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The Watchmaker of Filigree Street

August 14, 2015

1620408333.01._SX450_SY635_SCLZZZZZZZ_The Watchmaker of Filigree Street

Natasha Pulley

The Watchmaker of Filigree Street is the second-best book I’ve read this year. For most of the time I was reading it, I thought it was going to tie A Darker Shade of Magic, and it very nearly does. The writing’s on par, the characters and setting are non-standard, and there’s a pull and a charm to the story that, while different than the pull of Darker Shade, is just as wonderful. Unfortunately, the ending didn’t quite hold the same punch, so I’m rating Watchmaker at a 9 to Darker Shade‘s 9.5.

Told you it was close.

This book is about Thaniel Steepleton, a young man who hears color and has limited himself to the lonely life of a Home Office telegraph clerk to pay bills. It’s about Grace Carrow, rebellious Oxford physics student. It’s about Keita Mori, a lonely Japanese ex-pat who made the watch that saves Thaniel from a Fenian bombing. It’s about finding yourself and making your own happiness, about friendship, about living your life to a plan and taking chances. It’s also about finding out who did set that Fenian bomb, but that’s practically secondary to everything else.

Pulley has a beautiful sense of language and pacing, which sucks you in without feeling rushed or demanding. You dip your toe in the water, and suddenly you’re wading in a gently flowing stream. The characters are vibrant and compelling, even the supporting cast, so much so that I can hear them, see them, know their mannerisms without being told. And the setting? The world-building? My goodness. If I were only half so good….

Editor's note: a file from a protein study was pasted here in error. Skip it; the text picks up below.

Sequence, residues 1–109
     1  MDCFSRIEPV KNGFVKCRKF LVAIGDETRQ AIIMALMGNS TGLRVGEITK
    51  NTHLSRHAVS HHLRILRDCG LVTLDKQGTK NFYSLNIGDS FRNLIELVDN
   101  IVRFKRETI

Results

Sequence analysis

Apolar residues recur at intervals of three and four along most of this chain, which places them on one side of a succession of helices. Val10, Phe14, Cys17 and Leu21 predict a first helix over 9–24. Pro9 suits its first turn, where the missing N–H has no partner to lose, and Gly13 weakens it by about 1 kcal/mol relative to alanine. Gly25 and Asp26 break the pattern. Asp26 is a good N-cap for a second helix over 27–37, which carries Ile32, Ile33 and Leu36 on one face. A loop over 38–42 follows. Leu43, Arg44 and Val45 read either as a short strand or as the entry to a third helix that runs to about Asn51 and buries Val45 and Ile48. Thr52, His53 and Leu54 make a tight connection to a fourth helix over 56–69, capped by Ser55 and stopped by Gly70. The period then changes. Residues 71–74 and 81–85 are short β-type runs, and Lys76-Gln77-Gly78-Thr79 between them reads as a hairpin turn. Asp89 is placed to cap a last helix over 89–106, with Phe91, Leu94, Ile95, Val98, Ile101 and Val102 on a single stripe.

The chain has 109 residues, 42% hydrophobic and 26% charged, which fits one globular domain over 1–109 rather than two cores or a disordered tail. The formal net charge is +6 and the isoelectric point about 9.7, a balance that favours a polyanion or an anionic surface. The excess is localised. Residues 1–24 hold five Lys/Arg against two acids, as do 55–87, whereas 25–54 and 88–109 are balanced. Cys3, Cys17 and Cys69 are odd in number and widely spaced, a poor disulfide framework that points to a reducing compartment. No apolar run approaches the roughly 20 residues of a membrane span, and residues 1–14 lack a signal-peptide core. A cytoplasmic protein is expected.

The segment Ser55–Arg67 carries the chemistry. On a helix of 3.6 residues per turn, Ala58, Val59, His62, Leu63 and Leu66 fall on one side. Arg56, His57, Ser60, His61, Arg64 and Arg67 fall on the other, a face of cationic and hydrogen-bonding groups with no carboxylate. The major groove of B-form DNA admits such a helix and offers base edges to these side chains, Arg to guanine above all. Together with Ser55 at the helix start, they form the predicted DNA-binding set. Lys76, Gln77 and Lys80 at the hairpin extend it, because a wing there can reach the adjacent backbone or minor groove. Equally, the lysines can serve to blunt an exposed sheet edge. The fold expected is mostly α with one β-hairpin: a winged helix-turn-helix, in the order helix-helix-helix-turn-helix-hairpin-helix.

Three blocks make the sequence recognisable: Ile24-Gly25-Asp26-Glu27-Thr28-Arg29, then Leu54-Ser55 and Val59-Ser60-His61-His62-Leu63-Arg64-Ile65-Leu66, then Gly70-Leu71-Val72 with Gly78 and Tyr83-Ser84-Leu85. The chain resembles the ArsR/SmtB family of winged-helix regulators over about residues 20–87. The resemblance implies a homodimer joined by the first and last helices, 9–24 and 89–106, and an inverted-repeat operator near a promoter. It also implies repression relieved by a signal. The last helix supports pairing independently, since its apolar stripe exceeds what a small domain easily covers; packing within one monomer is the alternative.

It’s a steampunk world, or very nearly so. Victorian London, with everything you’d expect from that, plus a grace note here and there of something novel, something out of time, something clockwork or steam-powered and very often whimsical. It’s not steampunk that hits you over the head proclaiming itself, by any means. The most magical parts of the setting cluster around Mori, particularly the things he builds and the way his home is set up, but Japan and its culture also feature heavily (for obvious reasons) and that’s just the glaze on the lemon cake—an entirely respectful, entirely honest, entirely delicious glaze.

Watchmaker balances between surrealism and logic—the strangest things happen but somehow they’re entirely expected at the same time. My only quibble is that the climax breaks from that feeling a bit. I know why it does, why it needs to, but at the same time, it threw me and for the first time I found myself flipping back a page to make sure I knew what was going on. That’s the only reason the book isn’t up at a 9.5 for me. It recovers nicely in the denouement, though, and the closure’s pretty much perfect.

I definitely recommend reading The Watchmaker of Filigree Street, especially if you’re looking to lose a day or two of time and not look at the world quite the same way afterwards. Seriously, just … just go read it. It is good.

Top 5 Novels Of the Year, So Far:

  1. A Darker Shade of Magic
  2. The Watchmaker of Filigree Street
  3. The Devil in the White City
  4. The Martian
  5. The Library At Mount Char
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4 Comments leave one →
  1. August 14, 2015 10:19 am

    Greetings 🙂
    The synopsis sounds intriguing! Will add this to my tbr list.

    • anassarhenisch permalink*
      August 14, 2015 11:21 am

      Awesome! Hope you like it too!

  2. August 14, 2015 1:42 pm

    This sounds fantastic! And I haven’t read any of your top five, so I hope to look into them soon!

    • anassarhenisch permalink*
      August 14, 2015 9:50 pm

      Awesome! Enjoy!

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